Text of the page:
99 vehicles were set on fire in the migrant-heavy Paris suburb of Saint Denis last night while clashes with police were also reported.
The Intelligence Fusion Twitter account posted a map which stated that, “In addition to 99 cars being set on fire, nine bonfires were also identified.”
Setting cars on fire has become a “tradition” for migrant youths who routinely set vehicles ablaze on New Year’s Eve.
Located just 6 miles from the Eiffel Tower, Saint Denis is home to no less than 400,000 illegal immigrants. Out of the suburb’s 1.5 million population, 600,000 are Muslims from North Africa or sub-Saharan Africa and there are at least 160 mosques.
The area is a perfect illustration of how mass migration and integration has completely failed.
According to journalist Andrew Malone, “the area is already lost to France,” with open drug dealing, Sharia courts, women wearing the full Burka despite it being banned and police afraid to patrol the streets.
Migrant areas of Paris have routinely suffered riots and mass torching of vehicles over the last 15 years, most notably in 2005 when youths of mainly African and North African heritage burned a total of 8,000 vehicles over a period of 3 weeks.
Areas of Paris, including Seine-Saint-Denis, and Lyon were also hit by unrest on Halloween night last year following a message on social media calling for a “purge” against police.
200 riot police were needed to quell chaos in an immigrant suburb of Nantes, France as youths set cars on fire and torched a shopping center back in July following the police shooting of a Muslim man.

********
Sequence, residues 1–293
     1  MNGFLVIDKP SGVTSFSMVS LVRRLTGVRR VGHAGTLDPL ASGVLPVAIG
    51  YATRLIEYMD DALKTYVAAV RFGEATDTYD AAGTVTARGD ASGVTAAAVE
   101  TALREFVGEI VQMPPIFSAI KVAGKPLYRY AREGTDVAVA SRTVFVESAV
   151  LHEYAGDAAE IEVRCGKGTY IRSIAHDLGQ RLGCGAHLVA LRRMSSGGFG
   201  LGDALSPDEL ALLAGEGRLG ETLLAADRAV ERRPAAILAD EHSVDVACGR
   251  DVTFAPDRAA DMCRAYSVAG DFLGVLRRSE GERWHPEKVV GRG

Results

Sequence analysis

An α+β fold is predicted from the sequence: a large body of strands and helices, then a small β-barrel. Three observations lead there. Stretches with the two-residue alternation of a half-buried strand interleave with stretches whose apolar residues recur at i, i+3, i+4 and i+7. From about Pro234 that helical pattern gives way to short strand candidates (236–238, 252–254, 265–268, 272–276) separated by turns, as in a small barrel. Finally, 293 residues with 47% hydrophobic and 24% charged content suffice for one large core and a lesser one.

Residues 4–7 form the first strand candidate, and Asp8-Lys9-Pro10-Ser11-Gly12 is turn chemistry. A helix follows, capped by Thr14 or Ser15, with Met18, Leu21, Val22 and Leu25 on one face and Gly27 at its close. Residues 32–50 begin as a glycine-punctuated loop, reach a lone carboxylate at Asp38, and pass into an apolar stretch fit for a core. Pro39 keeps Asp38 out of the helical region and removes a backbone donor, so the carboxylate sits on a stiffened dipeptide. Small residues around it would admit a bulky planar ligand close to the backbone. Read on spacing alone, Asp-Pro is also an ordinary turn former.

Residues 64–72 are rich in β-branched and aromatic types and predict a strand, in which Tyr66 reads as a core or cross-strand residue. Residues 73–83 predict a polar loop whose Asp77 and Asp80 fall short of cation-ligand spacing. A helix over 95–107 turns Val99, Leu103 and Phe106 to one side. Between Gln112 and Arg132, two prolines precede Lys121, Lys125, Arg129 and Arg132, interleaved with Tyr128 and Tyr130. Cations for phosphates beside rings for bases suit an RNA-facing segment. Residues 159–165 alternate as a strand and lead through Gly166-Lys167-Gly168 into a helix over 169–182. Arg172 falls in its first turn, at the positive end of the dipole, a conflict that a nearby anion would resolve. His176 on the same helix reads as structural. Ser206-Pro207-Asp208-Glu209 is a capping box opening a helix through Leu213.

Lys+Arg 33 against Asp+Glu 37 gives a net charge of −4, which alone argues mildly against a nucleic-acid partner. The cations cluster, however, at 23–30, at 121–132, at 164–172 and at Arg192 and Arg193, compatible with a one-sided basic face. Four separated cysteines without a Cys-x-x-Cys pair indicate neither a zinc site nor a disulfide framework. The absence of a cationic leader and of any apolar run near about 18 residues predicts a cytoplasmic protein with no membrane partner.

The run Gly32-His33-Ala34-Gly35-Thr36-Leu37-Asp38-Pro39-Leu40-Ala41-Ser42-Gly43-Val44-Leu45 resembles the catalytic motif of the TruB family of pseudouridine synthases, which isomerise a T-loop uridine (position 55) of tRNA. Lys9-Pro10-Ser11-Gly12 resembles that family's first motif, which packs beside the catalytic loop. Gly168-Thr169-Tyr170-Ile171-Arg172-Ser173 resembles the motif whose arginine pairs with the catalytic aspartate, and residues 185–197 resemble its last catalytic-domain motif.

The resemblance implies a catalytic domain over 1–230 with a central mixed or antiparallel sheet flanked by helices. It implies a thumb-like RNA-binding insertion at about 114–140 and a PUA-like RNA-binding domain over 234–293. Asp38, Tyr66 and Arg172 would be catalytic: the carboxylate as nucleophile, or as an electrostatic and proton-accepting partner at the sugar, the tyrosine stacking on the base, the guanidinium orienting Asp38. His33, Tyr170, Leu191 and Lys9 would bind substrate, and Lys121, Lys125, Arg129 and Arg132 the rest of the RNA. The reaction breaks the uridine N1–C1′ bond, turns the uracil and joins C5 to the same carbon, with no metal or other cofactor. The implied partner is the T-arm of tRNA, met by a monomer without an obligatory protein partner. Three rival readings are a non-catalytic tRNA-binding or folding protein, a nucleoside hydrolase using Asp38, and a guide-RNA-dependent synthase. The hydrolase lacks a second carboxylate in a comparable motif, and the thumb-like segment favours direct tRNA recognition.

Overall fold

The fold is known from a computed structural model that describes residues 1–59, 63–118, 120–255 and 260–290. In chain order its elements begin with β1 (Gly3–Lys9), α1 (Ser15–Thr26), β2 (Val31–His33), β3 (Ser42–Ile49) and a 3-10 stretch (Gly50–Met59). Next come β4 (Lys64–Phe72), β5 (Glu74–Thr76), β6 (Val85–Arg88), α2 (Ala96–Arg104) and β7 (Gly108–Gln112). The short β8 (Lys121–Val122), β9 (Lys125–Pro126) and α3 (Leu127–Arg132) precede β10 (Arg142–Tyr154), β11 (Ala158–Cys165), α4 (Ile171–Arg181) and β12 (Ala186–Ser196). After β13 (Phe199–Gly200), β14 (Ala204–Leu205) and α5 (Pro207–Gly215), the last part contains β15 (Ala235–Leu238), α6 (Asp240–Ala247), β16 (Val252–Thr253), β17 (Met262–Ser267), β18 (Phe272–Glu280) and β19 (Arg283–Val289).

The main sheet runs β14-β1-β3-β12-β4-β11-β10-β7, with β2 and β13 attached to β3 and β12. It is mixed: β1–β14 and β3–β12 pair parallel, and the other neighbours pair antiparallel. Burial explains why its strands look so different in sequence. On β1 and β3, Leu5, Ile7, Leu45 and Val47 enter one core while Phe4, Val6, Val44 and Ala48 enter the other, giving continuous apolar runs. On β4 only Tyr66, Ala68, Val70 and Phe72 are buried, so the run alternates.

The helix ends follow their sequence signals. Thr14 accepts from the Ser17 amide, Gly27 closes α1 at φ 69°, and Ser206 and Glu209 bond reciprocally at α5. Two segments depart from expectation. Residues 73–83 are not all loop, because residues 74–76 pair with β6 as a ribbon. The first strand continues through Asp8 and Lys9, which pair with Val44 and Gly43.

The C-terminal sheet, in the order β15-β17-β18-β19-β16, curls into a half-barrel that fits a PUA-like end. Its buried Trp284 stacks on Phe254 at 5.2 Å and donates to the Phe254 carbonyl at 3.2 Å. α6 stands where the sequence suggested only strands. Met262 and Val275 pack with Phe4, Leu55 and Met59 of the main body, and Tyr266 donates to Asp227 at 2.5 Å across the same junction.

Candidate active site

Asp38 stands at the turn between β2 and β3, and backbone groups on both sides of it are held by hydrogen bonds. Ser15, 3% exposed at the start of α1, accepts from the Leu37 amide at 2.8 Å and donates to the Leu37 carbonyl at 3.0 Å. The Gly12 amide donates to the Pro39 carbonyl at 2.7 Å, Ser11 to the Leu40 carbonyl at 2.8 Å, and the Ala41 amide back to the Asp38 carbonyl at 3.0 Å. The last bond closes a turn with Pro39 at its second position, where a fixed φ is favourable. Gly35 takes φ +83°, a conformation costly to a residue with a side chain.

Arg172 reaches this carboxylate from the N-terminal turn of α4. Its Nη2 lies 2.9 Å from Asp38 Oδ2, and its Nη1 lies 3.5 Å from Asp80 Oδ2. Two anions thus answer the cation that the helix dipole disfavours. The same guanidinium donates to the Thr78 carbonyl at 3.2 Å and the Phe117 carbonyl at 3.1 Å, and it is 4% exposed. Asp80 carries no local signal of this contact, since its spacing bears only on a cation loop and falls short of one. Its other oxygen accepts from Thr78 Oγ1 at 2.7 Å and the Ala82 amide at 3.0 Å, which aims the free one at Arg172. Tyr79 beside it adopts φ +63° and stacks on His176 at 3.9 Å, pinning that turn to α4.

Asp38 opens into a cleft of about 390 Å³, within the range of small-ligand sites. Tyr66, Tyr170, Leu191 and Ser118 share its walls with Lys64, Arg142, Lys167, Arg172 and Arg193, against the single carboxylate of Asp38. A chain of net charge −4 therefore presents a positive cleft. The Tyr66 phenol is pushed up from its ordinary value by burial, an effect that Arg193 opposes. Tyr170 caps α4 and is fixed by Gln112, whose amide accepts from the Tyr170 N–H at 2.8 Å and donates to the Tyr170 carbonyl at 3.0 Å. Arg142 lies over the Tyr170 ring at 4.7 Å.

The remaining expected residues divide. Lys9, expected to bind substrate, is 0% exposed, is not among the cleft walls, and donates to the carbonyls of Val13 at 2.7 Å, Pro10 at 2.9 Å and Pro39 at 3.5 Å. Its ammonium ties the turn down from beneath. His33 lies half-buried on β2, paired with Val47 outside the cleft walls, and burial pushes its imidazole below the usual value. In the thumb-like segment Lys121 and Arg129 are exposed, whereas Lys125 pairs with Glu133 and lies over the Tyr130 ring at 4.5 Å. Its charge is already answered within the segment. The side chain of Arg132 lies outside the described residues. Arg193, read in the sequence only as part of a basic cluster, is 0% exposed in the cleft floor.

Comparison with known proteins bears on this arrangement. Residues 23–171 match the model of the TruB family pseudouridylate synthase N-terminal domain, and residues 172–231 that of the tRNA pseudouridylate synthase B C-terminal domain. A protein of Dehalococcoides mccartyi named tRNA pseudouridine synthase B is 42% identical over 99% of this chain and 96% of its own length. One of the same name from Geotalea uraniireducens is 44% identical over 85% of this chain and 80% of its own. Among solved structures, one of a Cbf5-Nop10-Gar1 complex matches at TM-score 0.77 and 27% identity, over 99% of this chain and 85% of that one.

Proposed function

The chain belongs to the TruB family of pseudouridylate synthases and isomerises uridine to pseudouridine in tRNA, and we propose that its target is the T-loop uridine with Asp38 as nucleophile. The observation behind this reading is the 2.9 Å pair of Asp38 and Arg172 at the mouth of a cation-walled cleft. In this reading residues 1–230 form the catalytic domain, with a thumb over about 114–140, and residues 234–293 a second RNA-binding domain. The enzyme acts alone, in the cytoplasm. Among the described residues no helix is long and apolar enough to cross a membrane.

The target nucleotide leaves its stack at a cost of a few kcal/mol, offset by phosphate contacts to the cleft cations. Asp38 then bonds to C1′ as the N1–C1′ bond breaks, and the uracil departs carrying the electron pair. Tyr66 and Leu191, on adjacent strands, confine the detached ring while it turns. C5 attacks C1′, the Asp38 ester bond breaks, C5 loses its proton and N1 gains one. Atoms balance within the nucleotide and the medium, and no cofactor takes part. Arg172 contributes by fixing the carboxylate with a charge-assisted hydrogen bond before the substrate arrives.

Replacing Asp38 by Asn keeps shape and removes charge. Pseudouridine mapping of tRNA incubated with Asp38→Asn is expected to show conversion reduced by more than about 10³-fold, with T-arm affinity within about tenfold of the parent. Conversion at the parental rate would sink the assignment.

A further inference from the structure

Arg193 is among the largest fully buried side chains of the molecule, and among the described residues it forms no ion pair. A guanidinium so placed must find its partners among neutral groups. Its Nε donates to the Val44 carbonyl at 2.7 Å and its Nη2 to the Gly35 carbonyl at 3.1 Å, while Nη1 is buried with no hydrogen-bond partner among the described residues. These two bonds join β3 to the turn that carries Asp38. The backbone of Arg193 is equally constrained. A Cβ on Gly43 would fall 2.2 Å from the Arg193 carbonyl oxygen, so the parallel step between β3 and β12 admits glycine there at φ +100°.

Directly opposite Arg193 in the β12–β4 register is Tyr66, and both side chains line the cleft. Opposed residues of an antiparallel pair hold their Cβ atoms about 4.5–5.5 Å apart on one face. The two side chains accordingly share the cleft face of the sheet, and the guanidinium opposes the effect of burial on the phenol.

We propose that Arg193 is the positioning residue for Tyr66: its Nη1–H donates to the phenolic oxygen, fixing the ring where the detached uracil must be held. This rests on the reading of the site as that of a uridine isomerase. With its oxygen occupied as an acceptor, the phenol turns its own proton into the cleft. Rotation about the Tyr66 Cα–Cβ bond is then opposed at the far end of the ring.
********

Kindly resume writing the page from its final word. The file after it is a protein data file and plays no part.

In a recently published interview, France’s former Interior Minister Gérard Collomb warned that the country’s security situation is dire thanks to mass immigration.
Asked what he thought about the security situation, Collomb responded, “The relations between people are very hard, people don’t want to live together.”
Pressed as to whether he thought mass immigration was responsible for this unrest, Collomb responded, “Enormously so,” before going on to acknowledge that France did not need any more immigration.
“Communities in France are engaging in conflict with one another more and more and it’s becoming very violent,” said Collomb, agreeing with the interviewer that some form of societal breakdown like partition or secession was a major concern.
“How much time do we have before it’s too late?” the interviewer asked Collomb, to which he replied, “I don’t want to create fear, but I think there’s very little time left….It’s difficult to estimate, but I would say that within five years the situation could become irreversible. Yes, we have five, six years to avoid the worst.”